Being the Fundraising and Communications Manager at the Mdzananda Animal Clinic Khayelitsha, my days are mainly spent behind the computer. A typical day consists of going through and answering between 50 – 100 emails, managing our facebook account, updating our website, writing newsletters and writing funding appeals.
Some of my other responsibilities are creating fun fundraising products such as our end of the year calendar and Christmas cards.
Organising events such as our kennel building days, writing press releases, having on air interviews with radio stations and newspapers and a range of other things.
As a result I get to spend very little time with the animals – the dogs and cats that I adore and love so much.
Often I yearn to spend more time with them and wish that I could work hands on with them every day but I know that my strengths lie behind the scenes and that my work is just as important to ensure that Mdzananda has sufficient funds and that people know and support us.
My favourite day of the week is a Wednesday. This is the day when I go to the clinic for our weekly management meeting. As soon as I arrive at Mdzananda I start smiling.
Our three resident dogs Bones, Cutie and AJ race to the gate to greet me with tails wagging and tummy tickles expected. Ginger, our resident cat also always comes to greet me, either with loving purring or with a few playful nips to the hand.
My first stop before I greet any of the staff is our hospital. I walk from cage to cage and tickle every little pet that is receiving treatment. Some look at me with happy faces and wagging tails while others lie still in too much pain to move. I can tell that each one of them is happy to see a friendly face.
On a specific Wednesday in October I got to witness a life being saved – I got to witness what Mdzananda is all about.
While I was speaking to our receptionist two young boys and an older man brought a dog to our reception room. This dog was shaking from head to toe, panting excessively and continuously moving her head from side to side – it seemed as if she was trying to escape from her own body.
Not knowing what the problem was, I raced to the hospital to call our veterinary nurse. She took one look at the dog and realised that there was a serious problem. Fluffy had been poisoned. Fluffy was taken to the hospital and I watched as our veterinary nurse and two hospital assistants started to try and save Fluffy’s life.
Firstly an intravenous drip was set up to ensure that Fluffy remained well hydrated so that her kidneys were able to flush the toxins out of her body.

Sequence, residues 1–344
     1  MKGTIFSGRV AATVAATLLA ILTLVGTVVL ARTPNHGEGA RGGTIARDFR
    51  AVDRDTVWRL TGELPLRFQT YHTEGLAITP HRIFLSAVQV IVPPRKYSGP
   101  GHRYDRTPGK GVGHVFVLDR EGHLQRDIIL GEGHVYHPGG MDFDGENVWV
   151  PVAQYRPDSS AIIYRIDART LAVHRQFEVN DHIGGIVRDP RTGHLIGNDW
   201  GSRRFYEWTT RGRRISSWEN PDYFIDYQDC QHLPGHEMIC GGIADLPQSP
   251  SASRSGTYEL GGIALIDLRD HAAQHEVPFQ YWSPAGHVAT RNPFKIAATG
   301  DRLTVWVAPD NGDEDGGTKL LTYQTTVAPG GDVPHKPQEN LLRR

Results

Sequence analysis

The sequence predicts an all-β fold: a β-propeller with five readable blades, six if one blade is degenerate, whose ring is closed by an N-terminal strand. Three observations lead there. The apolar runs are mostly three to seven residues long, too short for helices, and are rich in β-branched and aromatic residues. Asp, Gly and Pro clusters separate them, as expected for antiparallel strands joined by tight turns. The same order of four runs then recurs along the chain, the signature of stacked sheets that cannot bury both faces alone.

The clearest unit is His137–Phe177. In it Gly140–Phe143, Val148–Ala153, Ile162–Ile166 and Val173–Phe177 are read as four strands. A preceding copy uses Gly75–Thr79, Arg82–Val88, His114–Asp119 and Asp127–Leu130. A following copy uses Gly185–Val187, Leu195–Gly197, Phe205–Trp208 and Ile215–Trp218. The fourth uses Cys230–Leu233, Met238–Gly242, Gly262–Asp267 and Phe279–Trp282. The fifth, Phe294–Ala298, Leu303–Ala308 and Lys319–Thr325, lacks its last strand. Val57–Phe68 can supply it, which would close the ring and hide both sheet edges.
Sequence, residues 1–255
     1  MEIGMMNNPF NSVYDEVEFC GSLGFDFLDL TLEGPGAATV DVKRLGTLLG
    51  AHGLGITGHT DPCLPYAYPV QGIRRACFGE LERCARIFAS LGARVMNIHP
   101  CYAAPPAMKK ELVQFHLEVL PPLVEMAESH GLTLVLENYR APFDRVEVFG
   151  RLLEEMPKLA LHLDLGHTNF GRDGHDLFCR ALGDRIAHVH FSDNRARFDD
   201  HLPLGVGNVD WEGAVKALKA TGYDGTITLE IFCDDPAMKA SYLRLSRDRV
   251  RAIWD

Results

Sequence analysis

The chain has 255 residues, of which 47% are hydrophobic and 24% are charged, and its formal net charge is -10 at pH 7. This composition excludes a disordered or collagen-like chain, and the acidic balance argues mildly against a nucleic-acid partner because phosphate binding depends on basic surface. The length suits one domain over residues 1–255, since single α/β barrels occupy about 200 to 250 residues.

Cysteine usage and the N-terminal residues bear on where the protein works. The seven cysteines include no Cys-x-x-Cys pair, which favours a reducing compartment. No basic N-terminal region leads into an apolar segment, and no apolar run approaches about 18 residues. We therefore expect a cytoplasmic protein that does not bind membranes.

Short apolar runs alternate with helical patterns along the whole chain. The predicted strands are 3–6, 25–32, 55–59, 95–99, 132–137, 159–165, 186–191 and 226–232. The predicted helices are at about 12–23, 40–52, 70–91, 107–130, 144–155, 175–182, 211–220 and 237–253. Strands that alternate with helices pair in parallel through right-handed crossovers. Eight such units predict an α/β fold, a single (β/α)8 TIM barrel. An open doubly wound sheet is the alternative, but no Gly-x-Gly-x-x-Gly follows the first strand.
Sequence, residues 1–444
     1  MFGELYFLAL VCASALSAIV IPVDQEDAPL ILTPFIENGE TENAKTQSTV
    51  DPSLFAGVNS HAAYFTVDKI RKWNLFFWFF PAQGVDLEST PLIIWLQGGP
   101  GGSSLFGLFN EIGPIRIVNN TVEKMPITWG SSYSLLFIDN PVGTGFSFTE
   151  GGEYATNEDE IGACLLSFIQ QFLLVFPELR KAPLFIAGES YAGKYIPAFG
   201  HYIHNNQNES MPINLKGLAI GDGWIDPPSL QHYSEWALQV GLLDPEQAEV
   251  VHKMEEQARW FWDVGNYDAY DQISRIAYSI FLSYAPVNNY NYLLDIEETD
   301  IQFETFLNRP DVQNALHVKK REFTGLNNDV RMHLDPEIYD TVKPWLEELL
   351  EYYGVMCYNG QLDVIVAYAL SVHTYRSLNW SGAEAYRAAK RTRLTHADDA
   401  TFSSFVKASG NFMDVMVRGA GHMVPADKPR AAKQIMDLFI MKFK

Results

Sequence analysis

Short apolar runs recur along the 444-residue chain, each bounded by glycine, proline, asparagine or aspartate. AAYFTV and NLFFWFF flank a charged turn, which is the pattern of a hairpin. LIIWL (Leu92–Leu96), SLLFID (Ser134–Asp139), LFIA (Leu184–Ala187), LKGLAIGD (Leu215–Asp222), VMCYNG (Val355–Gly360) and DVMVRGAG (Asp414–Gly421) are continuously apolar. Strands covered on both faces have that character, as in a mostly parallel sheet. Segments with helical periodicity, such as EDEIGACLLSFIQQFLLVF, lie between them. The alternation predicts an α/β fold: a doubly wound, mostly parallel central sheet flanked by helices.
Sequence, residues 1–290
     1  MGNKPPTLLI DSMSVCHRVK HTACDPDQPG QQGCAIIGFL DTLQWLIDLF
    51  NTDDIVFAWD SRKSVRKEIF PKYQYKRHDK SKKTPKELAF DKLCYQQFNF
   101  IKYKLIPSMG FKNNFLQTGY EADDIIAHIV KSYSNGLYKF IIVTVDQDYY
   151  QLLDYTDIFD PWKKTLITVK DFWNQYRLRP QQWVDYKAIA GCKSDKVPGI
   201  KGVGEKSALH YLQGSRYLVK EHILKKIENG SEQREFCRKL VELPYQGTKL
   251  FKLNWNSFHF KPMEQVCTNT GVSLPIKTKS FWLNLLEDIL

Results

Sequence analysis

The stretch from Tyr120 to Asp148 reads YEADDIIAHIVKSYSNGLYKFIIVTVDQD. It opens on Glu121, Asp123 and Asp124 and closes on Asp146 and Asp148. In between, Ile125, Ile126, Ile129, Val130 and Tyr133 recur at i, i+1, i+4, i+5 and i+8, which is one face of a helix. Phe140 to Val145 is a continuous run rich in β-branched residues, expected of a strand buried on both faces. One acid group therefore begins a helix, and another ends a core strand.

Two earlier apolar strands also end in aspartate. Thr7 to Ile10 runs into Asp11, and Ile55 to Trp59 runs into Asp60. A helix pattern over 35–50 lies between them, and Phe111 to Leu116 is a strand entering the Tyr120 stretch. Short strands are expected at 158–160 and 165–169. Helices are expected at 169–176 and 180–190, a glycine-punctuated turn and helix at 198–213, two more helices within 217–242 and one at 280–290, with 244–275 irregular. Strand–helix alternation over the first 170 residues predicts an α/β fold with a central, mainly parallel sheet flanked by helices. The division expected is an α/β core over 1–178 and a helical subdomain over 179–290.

Inserting a cannula when a dog is in the middle of a seizure requires good team work, which the amazing staff at Mdzananda demonstrated by staying calm and focussed.
Next she was given an i.v. injection of diazepam which is a powerful sedative to reduce the symptoms of the over-active nervous system. Her temperature had already risen to over 40, and needed to be monitored carefully.
Fortunately she vomited soon afterwards which cleared some of the ingested poison from her stomach and prevented more of it from being absorbed into the bloodstream.
She was still in a state of seizure and the temperature rose to beyond the maximum reading on the thermometer – at over 42.5 her brain was literally starting to fry! A second dose of diazepam was given and she was covered in wet towels and surrounded with ice packs in an attempt to bring her temperature down as quickly as possible.
Her symptoms were fairly typical of organophosphate poisoning, but, without knowing for sure, the decision about whether to treat with atropine – the only effective antidote, but a potentially dangerous drug – had to be made based on intuition.
Fortunately the right decision was made and Fluffy started to calm down. The next 24 hours would be critical and there was no way of knowing whether she would pull through.
Organophosphates were originally used in biological warfare in the 1940’s and were commonly referred to as Nerve Agents because their primary target is the nervous system. Today they are commonly used in insecticides and agricultural pesticides as well as some flea and tick treatments!
To everyone’s delight Fluffy was able to walk the next morning, wobbly and dazed but alive. But her struggle was not over – it seemed the unknown poison had burnt her esophagus and stomach lining and both food and water were immediately vomited up. She spent another 36 hours on a drip with regular small doses of Ulsanic to line the mucous membranes and help them heal.
That day I witnessed the miracle of Mdzananda. I was in awe of the calmness of our veterinary nurse during which an urgent situation was dealt with and I was in awe of the love I felt in the room.
Fluffy recovered well and as soon as she was able to eat and drink normally she went home to her family. Her owners were overjoyed to see that she recovered so well and were grateful to have her back at home.
This is an experience I will never forget and was just one of the many lives that are saved at Mdzananda every day. I am so grateful to be a part of this wonderful team and organisation.
You can read more about the Mdzananda Animal Clinic on their website here.
To donate: SMS “donate dog” to 48748 at R10
Mdzananda Animal Clinic
Account no: 075595710
Branch code: 025009
Reference: Donation Type + Your Name